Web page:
Honestly, the only complaint I have with the game is the turning speed. As I said, this was never an issue during a fight…but you never know what will happen later in the game. You never want to be left getting shot in the back simply because you can’t turn fast enough. The turning is not slow…don’t get me wrong. It just isn’t as fast as you would like. If there was a quick 180 turn button combo, then I would have no complaints at all. As far as I know there isn’t, nor have I been taught one in the game.

The controls work a million times better than I expected. We have all heard horror stories of Red Steel controls, but the truth is that they have tightened things up a great deal. The reports from journalists such as Chris Kohler are the ones you should listen to. He had never played the game before two weeks ago, and found no issue with the setup at all. They really have tweaked things, and what they have now works almost perfectly. The Wiimote is going to make for one hell of an awesome FPS experience, and you can already feel that coming through in Red Steel.

Okay, now my gripes with the game. Even though Ubisoft has been working on this title for quite some time, there are still some areas I feel it was rushed. There is some slowdown from time to time…but not due to heavy action on the screen. Sometimes the physics just go insane, and things slow down due to it. This only happened once, but I feel it is worth mentioning. I shot a guy in the head, and he flew all around the room like he was full of helium, which obviously caused slowdown. I am not too sure why this happened, but I feel this could have been fixed with more time to catch bugs. There were also a few instances of pop-in. For instance, I would be talking to a character in the game, and then all of a sudden a piece of them would become HUGE. It lasted for a 10th of a second, but you do notice it. This has happened probably 3 times through the 3 levels I played. These are in no way deal-breakers…but they are noticeable, and could have been fixed with more time.

As far as losing the Wiimote, that never happened to me. I watched Nicky Hill play, and it happened to him once. I believe that was due to his error and not the game. He is admittedly not the best FPS player, and was very nervous at the start. He lost the cursor for a second while in an elevator, but picked it right back up. Even though he says he sucks at every game, and will tell you that he wasn’t doing very well, I will tell you the truth. He made it to almost the end of the second level (due to time constraints) and he was impressing me with how well he was doing. I hadn’t even played the game yet, but was confident that I could do well based on watching him. For a novice FPS gamer like him, he managed to get a hang of the controls midway through the first level.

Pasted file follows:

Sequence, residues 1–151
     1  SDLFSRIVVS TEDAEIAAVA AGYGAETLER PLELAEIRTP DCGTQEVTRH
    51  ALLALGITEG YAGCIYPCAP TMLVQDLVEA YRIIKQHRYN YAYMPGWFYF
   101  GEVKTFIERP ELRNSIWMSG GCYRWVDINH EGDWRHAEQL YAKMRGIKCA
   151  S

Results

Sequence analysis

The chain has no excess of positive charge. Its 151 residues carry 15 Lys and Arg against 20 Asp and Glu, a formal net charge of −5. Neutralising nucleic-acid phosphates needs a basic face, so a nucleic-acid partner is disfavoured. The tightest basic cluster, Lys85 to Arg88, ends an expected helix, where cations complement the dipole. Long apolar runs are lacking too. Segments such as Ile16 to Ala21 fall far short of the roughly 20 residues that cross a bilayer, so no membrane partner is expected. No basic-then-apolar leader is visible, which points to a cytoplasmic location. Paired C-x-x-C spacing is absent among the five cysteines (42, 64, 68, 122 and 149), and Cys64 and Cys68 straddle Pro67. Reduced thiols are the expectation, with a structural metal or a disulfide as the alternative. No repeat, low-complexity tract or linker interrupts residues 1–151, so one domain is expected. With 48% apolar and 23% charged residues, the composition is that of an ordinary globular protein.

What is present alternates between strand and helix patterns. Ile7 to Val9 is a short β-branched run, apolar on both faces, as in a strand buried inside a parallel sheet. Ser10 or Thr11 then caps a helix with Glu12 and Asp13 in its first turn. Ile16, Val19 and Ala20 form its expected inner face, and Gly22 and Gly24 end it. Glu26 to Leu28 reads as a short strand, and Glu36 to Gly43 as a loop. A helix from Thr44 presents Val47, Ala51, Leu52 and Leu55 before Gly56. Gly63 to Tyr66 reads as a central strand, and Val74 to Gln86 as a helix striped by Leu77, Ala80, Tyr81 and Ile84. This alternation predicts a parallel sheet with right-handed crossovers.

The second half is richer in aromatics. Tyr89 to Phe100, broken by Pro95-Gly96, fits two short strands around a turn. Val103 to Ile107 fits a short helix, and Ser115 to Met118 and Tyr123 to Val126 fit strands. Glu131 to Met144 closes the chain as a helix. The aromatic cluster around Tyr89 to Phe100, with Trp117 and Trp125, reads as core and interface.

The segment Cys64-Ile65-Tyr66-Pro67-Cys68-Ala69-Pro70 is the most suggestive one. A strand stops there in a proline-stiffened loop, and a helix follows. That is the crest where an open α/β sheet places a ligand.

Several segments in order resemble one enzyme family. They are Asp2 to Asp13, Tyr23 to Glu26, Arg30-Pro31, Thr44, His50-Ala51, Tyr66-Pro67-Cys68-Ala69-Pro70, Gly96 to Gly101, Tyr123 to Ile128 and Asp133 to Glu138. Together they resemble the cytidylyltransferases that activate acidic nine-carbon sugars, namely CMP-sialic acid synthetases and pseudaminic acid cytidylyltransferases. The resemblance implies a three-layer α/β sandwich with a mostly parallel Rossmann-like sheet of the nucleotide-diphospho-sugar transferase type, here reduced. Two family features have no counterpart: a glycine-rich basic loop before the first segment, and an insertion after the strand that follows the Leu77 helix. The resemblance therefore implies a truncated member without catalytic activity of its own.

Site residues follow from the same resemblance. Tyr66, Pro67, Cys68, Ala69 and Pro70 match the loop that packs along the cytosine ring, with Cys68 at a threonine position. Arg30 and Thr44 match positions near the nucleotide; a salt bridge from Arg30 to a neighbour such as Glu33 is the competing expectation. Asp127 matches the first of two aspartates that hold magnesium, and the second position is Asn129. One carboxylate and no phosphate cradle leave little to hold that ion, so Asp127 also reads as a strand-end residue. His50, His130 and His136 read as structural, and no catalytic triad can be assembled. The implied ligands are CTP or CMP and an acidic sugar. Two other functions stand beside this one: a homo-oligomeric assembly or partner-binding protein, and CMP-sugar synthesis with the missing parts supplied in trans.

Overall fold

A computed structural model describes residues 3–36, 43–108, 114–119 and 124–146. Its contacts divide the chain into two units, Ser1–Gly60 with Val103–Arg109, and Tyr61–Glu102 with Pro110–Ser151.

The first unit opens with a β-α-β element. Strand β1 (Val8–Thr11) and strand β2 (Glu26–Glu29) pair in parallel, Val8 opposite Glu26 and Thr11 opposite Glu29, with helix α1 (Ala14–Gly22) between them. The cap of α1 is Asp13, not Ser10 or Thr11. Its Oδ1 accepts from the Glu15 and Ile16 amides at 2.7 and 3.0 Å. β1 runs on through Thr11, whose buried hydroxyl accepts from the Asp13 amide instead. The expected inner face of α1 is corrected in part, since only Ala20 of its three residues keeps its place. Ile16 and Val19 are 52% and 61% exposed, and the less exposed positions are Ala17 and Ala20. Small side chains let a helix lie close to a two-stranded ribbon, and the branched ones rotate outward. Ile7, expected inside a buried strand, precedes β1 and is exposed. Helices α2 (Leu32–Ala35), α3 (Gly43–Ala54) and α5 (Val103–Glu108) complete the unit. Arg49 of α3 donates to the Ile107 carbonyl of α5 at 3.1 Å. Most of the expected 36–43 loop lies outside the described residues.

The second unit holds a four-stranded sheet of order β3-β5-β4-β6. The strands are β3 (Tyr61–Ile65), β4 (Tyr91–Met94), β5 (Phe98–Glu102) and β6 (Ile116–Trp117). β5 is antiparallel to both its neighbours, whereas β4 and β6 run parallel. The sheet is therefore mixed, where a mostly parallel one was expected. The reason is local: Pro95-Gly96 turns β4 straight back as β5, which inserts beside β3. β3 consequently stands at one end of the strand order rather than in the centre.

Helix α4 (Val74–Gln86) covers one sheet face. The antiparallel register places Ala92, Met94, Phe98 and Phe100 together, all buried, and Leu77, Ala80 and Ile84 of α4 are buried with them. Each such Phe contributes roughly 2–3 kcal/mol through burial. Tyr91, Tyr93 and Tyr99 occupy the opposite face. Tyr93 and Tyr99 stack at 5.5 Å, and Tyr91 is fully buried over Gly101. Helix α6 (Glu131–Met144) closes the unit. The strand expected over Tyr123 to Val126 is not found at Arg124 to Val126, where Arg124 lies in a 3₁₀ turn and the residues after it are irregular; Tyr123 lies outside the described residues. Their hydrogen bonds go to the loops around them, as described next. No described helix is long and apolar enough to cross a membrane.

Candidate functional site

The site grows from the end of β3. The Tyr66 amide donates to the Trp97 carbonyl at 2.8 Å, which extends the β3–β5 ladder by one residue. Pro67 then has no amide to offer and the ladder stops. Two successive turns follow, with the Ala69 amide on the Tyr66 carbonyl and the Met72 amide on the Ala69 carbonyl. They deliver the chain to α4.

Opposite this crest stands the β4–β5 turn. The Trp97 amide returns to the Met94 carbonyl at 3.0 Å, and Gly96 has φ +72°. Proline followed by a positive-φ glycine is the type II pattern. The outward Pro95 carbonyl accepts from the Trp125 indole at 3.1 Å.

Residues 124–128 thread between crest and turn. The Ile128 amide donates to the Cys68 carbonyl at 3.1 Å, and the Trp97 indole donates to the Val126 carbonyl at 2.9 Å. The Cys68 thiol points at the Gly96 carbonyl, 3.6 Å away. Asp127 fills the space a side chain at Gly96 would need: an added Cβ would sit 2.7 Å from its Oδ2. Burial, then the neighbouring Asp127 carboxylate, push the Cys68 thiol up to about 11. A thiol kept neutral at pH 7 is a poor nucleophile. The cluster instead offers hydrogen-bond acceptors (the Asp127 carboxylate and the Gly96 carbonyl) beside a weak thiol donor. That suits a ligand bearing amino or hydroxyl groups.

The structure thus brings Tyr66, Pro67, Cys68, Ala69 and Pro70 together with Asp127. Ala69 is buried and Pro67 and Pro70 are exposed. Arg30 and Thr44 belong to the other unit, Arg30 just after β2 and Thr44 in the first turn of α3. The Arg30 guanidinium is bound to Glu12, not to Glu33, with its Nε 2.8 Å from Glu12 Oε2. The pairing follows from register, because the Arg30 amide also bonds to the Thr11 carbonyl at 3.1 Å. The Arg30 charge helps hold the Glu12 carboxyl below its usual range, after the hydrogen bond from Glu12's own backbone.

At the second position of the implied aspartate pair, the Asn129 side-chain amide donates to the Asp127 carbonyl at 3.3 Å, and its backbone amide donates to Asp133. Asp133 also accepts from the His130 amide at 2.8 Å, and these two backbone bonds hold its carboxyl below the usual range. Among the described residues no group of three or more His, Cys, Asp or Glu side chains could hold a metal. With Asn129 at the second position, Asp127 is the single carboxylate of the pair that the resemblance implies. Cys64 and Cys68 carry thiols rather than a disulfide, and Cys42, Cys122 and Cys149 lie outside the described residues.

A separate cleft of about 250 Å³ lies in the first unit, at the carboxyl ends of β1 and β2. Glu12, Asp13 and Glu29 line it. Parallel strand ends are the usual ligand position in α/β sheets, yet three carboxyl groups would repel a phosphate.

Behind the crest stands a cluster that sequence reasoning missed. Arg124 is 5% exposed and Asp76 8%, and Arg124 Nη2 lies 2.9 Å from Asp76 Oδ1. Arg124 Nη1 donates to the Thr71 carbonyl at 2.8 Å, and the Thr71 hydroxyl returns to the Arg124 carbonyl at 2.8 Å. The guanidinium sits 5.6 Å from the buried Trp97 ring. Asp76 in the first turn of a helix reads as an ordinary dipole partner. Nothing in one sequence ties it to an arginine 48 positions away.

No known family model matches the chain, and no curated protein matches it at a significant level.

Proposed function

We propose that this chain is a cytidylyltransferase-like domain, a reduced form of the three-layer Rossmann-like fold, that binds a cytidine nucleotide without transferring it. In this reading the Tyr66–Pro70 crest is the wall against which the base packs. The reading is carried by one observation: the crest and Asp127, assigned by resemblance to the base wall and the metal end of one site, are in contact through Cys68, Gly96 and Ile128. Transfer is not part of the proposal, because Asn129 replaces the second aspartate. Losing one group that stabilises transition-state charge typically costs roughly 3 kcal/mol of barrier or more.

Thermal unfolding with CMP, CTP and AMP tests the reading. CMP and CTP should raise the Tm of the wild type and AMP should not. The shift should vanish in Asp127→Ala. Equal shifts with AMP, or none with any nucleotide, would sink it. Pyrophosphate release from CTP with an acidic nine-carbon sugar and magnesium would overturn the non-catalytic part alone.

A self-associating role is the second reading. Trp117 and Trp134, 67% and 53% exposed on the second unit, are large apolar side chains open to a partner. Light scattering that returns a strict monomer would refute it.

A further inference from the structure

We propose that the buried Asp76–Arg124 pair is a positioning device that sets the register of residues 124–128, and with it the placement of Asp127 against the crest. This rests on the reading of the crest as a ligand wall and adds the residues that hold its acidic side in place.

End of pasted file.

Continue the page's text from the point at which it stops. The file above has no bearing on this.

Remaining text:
There is also one other glitch that popped up maybe twice. If you are pushed right up against an object (table, desk, cabinet), and you try to peak out from the corner while aiming the Wiimote, it may jump back and forth about an inch from where you aim. As I said, this happened maybe twice. This is the same issue that happens in numerous first person shooters. The target can get hung up on a corner, wall, or object if you are too close. You just think that it is the Wiimote screwing up, which it isn’t. It is your target jumping from the near to far object. I have had this happen to me in F.E.A.R., and Ghost Recon Advanced Warfighter to name a couple current games.

Red Steel is a lot of fun to play…and the Wiimote really gets you into the action. I didn’t feel tired at all while playing…I felt more…into the game. I felt more in-tune with what was going on. I had full intentions of continuing my Zelda game last night. I was going to play Red Steel through the first level, and then pop Zelda in. I stuck with Red Steel for the rest of the night because it was damn fun…and because I don’t ever want Zelda to end! I am very much looking foward to hopping back into Red Steel later tonight. The game isn’t without it’s glitches, but so far they have been minor, and not detracted from the game. If you are a hardcore FPS person, it may take a little time to adjust to the differences from PC to Wiimote control. Having said that, I have never felt like I had so much control in an FPS game since I first started playing them on the PC. Then again, I never felt so involved in an FPS game…ever. Red Steel, so far, is a great way to show off the potential the Wii has when it comes to the FPS genre.

Categories: Reviews, Consoles
Tags: wii